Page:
Thursday, 23 May 2013

Poverty in the suburbs Since the global economy went wonky in 2008 I’ve been noticing plenty of signs where poverty becomes apparent in previously unexpected places. Comfortable looking estates and smug blocks of flats with the mild signs of decay, here and there, the wrong peeling of paper, half-hearted front doors and crap on the lawn, and households dropping off the pointed pace of consumer life, some of us end up looking like disoriented ragged joggers who have strayed onto the track in the Olympic 10k final. Now here’s an article in Cities today on the evidence of suburban poverty in the US. It covers the work of researchers Alan Berube and Elizabeth Kneebone, who stress the importance of regional responses because anti-poverty policies designed for dense urban areas ‘transplant poorly onto suburbia’: ‘We’ve seen that the suburban safety net – it’s much thinner, it’s much patchier, and it’s spread over greater distances.’ There’s also a reference to the part played by transport systems in the coming period: ‘It's significantly harder to address poverty through transportation when low-income households in need of it live dispersed over larger areas. Suburbs also simply lack the built-in networks of service providers that have grown up over decades in inner-city communities.’ I will go on pointing out, because I think it's important to do so, that in the UK this austerity is at best unnecessary and a puerile, and very nasty, form of ideological folly. Who can possibly need more evidence? I was speaking last week to someone who still thought that austerity economics was a justifiable response to ‘Labour’s excessive spending.’ Sigh.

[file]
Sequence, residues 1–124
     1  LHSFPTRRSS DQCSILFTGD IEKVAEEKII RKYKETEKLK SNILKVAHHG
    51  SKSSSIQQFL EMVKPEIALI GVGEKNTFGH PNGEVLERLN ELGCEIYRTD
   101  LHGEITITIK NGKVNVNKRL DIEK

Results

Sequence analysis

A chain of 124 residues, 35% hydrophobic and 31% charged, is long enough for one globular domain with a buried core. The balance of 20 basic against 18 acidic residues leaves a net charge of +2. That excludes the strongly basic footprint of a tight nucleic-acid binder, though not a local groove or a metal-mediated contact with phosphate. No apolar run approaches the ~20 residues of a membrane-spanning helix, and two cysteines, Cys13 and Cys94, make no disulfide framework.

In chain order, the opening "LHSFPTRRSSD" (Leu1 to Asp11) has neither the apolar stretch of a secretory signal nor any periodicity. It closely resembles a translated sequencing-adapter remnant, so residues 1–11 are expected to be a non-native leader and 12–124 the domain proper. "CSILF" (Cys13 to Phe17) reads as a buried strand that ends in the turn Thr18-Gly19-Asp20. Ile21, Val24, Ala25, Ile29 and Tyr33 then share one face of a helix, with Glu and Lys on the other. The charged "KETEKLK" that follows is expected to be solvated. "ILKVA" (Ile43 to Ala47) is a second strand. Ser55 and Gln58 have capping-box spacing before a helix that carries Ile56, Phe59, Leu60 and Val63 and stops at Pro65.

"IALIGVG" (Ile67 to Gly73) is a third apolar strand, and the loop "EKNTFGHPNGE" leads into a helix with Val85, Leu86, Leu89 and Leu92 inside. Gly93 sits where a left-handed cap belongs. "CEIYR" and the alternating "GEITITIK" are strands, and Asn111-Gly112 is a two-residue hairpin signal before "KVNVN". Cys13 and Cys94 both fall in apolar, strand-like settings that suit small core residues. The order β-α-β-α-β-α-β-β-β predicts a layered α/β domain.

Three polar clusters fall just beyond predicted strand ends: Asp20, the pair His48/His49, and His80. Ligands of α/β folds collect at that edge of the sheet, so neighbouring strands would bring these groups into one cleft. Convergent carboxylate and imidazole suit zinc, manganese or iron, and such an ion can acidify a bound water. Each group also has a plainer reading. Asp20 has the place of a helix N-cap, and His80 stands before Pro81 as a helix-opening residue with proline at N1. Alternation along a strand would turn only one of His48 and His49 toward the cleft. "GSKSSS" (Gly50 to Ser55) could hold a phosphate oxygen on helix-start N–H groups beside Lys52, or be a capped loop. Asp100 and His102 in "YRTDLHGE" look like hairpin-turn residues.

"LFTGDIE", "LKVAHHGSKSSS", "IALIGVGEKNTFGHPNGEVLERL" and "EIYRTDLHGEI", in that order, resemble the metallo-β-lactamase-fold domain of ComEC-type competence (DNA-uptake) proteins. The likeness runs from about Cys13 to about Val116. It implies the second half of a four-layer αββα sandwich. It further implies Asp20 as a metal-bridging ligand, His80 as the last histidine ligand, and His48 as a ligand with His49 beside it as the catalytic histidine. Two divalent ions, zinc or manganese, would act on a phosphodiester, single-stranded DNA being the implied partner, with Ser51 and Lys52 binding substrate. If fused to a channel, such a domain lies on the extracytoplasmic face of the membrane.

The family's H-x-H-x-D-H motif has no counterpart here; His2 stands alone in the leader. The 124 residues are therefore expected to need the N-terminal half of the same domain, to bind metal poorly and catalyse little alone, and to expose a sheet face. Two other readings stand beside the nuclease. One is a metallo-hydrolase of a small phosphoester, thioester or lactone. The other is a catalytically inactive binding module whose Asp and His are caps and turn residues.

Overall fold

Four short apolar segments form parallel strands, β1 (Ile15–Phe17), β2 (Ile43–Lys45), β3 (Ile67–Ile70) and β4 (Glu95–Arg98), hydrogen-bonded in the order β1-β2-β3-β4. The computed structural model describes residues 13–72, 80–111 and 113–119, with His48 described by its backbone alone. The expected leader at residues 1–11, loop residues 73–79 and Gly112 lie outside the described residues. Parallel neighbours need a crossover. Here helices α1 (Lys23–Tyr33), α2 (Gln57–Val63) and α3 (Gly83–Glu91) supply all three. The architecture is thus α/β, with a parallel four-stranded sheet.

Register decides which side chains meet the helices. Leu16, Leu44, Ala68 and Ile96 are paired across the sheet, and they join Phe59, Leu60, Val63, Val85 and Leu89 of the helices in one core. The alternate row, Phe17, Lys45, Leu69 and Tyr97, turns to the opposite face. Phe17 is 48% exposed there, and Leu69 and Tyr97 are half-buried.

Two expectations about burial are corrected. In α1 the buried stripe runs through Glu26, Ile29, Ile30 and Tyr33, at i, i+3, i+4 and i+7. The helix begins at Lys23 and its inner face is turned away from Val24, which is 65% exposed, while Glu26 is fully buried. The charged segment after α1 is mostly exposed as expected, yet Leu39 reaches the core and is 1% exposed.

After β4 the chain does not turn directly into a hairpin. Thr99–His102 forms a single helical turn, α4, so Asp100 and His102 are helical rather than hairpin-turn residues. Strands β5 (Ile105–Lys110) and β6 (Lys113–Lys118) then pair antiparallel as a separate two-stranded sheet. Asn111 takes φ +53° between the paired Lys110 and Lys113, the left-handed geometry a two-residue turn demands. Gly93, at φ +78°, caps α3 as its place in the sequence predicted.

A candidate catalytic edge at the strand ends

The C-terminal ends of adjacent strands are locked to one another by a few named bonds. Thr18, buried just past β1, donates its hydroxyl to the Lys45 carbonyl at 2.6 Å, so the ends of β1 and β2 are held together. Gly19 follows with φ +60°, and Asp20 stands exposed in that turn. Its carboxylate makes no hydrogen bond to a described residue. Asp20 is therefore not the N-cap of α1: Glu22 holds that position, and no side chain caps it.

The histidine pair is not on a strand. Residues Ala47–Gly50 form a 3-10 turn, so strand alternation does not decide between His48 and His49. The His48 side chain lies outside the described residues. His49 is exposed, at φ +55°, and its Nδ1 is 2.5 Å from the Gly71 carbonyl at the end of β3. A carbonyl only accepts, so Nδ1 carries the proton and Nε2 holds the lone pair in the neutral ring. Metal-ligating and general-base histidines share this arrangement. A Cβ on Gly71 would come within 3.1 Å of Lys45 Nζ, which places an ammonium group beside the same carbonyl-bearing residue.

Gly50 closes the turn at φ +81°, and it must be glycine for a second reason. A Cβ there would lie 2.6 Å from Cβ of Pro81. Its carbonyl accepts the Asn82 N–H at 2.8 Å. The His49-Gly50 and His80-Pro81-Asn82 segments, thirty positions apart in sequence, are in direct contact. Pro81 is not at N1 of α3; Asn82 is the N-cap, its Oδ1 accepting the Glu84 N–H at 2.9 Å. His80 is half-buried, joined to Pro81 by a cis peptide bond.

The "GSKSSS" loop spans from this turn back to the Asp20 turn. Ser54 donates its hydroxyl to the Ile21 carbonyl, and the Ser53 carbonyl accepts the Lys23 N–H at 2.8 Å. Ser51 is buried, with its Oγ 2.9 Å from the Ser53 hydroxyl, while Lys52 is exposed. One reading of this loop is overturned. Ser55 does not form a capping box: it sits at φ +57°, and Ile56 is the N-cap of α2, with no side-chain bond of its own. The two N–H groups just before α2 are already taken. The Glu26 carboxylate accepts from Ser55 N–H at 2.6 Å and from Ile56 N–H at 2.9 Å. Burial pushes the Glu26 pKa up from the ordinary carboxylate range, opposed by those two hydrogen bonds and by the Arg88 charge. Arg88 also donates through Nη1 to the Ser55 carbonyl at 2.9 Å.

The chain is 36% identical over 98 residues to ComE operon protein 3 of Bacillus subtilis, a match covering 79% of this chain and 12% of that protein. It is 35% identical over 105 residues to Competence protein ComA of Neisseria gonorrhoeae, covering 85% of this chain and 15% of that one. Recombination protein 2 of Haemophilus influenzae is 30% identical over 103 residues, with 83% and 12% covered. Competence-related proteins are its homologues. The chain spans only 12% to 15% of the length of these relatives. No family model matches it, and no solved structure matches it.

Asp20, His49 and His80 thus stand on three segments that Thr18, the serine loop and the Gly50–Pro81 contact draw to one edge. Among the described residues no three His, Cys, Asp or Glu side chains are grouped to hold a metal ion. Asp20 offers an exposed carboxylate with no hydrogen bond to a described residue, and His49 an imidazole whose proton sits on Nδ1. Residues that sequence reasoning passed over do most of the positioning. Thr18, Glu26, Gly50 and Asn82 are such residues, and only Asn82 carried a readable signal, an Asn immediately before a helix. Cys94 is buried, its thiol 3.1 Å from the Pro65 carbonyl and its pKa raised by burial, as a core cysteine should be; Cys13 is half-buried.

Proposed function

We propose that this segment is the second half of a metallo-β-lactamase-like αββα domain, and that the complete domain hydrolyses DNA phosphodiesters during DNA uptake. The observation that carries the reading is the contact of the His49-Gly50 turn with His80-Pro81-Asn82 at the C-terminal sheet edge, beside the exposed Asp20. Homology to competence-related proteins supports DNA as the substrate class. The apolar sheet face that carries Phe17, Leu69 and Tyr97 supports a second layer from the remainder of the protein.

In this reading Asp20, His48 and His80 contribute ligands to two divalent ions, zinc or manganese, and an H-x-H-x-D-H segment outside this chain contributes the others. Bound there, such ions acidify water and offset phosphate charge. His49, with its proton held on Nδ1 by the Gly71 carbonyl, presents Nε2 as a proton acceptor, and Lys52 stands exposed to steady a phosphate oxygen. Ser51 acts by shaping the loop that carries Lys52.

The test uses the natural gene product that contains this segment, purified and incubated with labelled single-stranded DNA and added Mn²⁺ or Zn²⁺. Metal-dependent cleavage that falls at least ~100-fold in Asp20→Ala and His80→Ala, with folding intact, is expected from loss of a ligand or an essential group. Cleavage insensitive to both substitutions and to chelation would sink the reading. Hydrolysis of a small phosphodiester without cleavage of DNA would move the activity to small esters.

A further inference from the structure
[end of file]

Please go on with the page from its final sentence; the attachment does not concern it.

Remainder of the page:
Recent Comments